connecting elements between the I5 layers. A recent X-ray
crystallography analysis revealed that the most iodine-rich
polyiodides are also composed of V-shaped I5 units connected into linear chains.[63]
The thermodynamic and structural properties, as well as
the energetic and electronic structures of isolated polyiodide
ions (Im , m = 1, 3, 5, 7, 9) were analyzed by using Spartan08
at the B3LYP/6-31G* level of the density functional theory
(DFT). Their physical properties are shown in Table 2. The
absorption spectrum of the polyiodide electrolyte containing
1m iodine and iodide usually emerges at l = 490–360 nm.[72] It
should be noted that iodine becomes very soluble in iodidebased ionic liquids, such as 1-alkyl-3-methylimidazolium
iodides ([RMIm]I, R = pentyl, hexyl, and nonyl). Interestingly, the viscous ionic liquids become more fluid and the
viscosity decreases as the amount of added iodine increases.
Figure 11. Electron-transport scheme in DSCs based on a collision and
At the same time, the conductivity increases, as expected.[72]
exchange mechanism in polyiodide electrolytes.
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electron acceptors upon reduction at the counter electrodes.
The average distance of ion species in electrolytes is known to
be around 6.5 at a concentration of 1m.[73] The distance does
not seem to be too great for the large I5 to undergo effective
collision in the electrolytes. The exchange reaction mechanism through the polar V-shaped I5 could be a source of
conductance of iodine/iodide electrolytes and of the excellent
performance of DSCs.
9. Medicine and Physiology
Iodine is an essential component of hormones produced
by the thyroid gland. Thyroid hormones, and therefore iodine,
are essential for mammalian life. Iodine is ingested in several
chemical forms. Iodide is rapidly and nearly completely
absorbed in the stomach and duodenum. In healthy adults, the
absorption of iodide is > 90 %.[74] The distribution space of
absorbed iodine is nearly equal to the extracellular fluid
volume. Iodine is cleared from the circulation mainly by the
thyroid and kidney, and while renal iodine clearance is fairly
constant, thyroid clearance varies with iodine intake. In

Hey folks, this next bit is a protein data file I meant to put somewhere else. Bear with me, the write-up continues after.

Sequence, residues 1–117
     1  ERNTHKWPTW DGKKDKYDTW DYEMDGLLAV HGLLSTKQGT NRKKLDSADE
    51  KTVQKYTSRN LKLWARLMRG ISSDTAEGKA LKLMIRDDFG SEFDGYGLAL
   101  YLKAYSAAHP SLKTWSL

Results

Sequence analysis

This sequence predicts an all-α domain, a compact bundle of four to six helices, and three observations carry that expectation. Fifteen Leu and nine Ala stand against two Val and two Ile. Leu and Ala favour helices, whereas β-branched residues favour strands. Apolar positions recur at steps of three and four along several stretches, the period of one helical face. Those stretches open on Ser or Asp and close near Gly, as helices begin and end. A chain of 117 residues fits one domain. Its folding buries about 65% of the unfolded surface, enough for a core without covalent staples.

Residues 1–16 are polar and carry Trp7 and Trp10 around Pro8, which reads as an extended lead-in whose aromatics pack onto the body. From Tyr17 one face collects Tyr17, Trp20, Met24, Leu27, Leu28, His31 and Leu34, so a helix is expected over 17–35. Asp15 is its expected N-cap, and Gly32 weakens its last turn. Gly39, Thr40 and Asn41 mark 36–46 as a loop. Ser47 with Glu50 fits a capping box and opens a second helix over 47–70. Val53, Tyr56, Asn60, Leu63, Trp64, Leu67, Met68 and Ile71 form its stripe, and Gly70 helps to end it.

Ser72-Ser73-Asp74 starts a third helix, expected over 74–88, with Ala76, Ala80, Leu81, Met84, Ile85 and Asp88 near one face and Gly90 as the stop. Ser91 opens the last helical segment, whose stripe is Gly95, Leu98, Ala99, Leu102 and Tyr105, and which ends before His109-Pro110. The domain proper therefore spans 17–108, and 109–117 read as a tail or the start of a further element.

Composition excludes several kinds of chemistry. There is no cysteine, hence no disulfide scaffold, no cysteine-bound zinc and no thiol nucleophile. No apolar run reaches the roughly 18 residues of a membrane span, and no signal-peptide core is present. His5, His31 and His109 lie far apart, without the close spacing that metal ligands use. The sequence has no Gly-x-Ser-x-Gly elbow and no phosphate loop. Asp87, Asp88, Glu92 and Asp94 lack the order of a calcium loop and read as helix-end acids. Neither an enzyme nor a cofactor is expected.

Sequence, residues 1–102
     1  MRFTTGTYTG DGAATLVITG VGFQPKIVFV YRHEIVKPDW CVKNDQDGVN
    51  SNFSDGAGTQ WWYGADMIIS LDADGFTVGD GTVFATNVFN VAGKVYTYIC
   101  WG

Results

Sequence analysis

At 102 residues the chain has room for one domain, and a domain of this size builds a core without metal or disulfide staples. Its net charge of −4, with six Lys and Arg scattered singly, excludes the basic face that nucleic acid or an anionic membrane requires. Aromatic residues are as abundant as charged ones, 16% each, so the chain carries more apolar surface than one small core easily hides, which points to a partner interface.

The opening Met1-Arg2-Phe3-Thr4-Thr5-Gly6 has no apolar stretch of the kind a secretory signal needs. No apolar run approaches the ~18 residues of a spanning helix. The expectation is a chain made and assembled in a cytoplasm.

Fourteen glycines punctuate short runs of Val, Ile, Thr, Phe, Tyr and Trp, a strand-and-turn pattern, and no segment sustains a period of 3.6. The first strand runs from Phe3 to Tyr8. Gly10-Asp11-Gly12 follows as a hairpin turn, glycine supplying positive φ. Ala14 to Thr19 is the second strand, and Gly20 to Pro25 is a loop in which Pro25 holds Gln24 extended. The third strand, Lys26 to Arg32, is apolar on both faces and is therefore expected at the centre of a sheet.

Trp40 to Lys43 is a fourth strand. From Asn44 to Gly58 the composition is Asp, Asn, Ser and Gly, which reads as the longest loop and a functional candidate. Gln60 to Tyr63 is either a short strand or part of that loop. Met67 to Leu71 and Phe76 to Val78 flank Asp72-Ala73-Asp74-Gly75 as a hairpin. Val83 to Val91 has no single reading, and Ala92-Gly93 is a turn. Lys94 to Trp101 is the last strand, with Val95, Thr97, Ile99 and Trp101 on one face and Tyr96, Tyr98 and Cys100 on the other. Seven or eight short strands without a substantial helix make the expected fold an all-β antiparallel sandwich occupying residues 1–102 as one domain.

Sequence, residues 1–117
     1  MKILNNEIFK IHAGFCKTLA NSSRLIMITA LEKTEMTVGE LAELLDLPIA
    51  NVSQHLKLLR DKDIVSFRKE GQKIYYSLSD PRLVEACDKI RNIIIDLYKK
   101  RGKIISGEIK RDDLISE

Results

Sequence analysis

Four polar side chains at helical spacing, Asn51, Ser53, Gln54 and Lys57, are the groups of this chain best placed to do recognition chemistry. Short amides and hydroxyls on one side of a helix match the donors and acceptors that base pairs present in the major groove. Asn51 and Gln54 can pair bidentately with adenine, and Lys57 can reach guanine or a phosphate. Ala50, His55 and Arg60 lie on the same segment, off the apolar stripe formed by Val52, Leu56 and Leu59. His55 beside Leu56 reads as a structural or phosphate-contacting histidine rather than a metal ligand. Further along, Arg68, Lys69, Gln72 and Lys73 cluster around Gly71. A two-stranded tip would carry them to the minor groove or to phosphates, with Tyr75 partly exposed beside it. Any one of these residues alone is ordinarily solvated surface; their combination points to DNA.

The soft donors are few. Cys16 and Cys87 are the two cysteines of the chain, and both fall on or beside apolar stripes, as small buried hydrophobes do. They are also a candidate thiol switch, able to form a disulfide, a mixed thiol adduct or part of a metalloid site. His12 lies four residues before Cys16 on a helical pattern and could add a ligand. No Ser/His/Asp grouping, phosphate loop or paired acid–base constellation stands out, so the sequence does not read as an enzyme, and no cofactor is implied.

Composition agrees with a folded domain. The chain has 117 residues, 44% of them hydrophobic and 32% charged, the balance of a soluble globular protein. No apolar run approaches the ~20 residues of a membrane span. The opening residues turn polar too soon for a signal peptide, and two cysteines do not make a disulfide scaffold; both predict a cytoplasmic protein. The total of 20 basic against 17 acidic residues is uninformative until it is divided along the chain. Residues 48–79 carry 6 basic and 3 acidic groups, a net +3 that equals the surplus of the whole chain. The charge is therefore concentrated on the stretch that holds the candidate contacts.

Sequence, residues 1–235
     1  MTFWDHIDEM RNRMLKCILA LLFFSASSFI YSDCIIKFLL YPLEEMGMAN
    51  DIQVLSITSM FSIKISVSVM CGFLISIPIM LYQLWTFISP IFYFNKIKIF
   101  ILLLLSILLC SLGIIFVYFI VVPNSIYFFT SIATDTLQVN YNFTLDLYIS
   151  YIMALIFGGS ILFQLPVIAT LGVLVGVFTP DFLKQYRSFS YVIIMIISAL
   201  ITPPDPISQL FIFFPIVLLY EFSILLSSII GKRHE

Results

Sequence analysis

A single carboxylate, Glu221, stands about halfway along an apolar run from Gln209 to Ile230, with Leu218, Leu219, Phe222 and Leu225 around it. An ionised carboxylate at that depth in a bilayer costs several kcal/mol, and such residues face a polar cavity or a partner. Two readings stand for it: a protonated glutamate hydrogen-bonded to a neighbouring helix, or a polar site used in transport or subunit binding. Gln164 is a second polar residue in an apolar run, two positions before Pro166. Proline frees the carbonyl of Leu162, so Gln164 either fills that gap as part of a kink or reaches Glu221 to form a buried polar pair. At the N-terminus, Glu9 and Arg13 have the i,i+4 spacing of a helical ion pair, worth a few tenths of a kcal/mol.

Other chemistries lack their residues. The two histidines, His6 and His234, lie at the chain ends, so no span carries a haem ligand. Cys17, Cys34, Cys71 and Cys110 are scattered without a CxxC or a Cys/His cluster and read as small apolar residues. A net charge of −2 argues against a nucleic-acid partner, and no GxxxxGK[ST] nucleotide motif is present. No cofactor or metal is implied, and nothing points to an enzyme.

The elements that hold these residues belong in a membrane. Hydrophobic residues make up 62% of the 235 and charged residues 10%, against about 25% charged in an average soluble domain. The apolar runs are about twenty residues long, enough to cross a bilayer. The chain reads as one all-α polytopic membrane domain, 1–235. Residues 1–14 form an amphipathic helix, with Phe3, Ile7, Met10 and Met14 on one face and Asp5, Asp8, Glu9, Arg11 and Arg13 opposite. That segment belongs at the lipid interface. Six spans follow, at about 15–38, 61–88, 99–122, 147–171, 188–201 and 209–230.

conditions of adequate iodine supply, 10 % of absorbed
iodine is taken up by the thyroid. When there is a chronic
iodine deficiency, this fraction can exceed 80 %. Iodine in the
blood is turned over rapidly; under normal circumstances,
plasma iodine has a half-life of about 10 h, but this is
shortened if the thyroid is overactive, as in iodine deficiency
or hyperthyroidism.
The body of a healthy adult contains up to 20 mg iodine, of
which 70–80 % is in the thyroid. In iodine-sufficient areas, the
adult thyroid traps 60–80 mg of the iodine per day to balance
the losses and maintain synthesis of the thyroid hormone. A
transmembrane protein in the basolateral membrane, the
sodium iodide symporter (NIS), transfers iodide into the
thyroid at a concentration gradient 20 to 50 times that of
plasma. The NIS concentrates iodine by an active transport
process that couples the energy released by the inward
translocation of sodium down its electrochemical gradient to
the simultaneous inward translocation of iodine against its
electrochemical gradient. At the apical surface of the
thyrocyte, the protein transporter pendrin moves iodide into
the follicular lumen, where the enzymes thyroperoxidase
(TPO) and hydrogen peroxide oxidize iodide and attach it to
tyrosyl residues on thyroglobulin to produce monoiodotyrosine (MIT) and diiodotyrosine (DIT), the precursors of
thyroid hormones. TPO then catalyzes the coupling of the
phenyl groups of the iodotyrosines through a diether bridge to
form the thyroid hormones. The linkage of two DIT
molecules produces thyroxine (T4), and linkage of a MIT
and DIT produces triiodothyronine (T3), the active form of
the hormone. T3 is structurally identical to T4 but has one less
iodine atom (at the 5’-position on the outer ring; Figure 12).
The first chemical model for the inner-ring deiodination of T4
and T3 by iodothyronine deiodinase ID-3 has recently been
demonstrated.[75] Iodine comprises 65 and 59 % of the
molecular weight of T4 and T3, respectively. In the blood
stream, thyroid hormones are bound noncovalently to carrier
proteins, mainly thyroxine-binding globulin. In target tissues,
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Figure 12. Iodine is an essential component of the thyroid hormones
triiodotyrosine (T3) and thyroxine (T4).
interactions between the thyroid hormone and receptor
stimulate several pathways. Both T4 and T3 are degraded